Regulating false disclosure

Maarten Janssen, Santanu Roy

Firms communicate private information about product quality through a combination of pricing and disclosure where disclosure may be deliberately false. In a competitive setting, we examine the effect of regulation penalizing false disclosure. Stronger regulation reduces the reliance on price signaling, thereby lowering market power and consumption distortions; however, it often creates incentives for excessive disclosure. Regulation is suboptimal unless disclosure itself is inexpensive and even in the latter case, only strong regulation is welfare improving. Weak regulation is always worse than no regulation. Even high quality firms suffer due to regulation.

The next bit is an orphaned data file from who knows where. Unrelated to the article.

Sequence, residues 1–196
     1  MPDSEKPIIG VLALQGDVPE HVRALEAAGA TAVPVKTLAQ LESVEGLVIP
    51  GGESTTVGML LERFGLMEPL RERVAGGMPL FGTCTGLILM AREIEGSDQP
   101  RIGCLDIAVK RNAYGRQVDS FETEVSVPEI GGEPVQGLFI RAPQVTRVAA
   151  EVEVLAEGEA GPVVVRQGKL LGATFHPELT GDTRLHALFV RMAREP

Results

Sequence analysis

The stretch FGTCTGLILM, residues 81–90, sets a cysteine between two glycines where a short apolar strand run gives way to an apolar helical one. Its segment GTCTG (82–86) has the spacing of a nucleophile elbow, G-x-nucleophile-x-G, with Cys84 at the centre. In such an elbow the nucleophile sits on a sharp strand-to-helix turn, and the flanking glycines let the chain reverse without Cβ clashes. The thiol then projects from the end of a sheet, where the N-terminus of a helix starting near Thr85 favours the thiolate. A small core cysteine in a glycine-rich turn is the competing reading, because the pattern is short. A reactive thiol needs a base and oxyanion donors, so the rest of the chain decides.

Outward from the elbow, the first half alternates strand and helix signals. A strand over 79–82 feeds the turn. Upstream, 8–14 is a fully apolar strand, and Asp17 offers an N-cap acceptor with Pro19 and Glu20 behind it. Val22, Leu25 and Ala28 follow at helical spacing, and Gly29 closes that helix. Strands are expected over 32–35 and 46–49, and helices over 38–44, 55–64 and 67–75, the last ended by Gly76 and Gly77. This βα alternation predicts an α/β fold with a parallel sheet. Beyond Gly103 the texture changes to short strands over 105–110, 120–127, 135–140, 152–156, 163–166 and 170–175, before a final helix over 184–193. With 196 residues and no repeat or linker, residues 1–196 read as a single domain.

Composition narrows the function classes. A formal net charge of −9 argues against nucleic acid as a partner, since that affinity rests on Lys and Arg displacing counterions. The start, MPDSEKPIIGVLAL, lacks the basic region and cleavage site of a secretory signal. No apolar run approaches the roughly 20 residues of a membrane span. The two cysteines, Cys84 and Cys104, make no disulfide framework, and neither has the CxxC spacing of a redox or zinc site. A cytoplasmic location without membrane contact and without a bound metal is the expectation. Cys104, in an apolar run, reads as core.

Department of Economics
External organisation(s)
Southern Methodist University
No. of pages
Publication date
Austrian Fields of Science 2012
502013 Industrial economics, 502021 Microeconomics
Portal url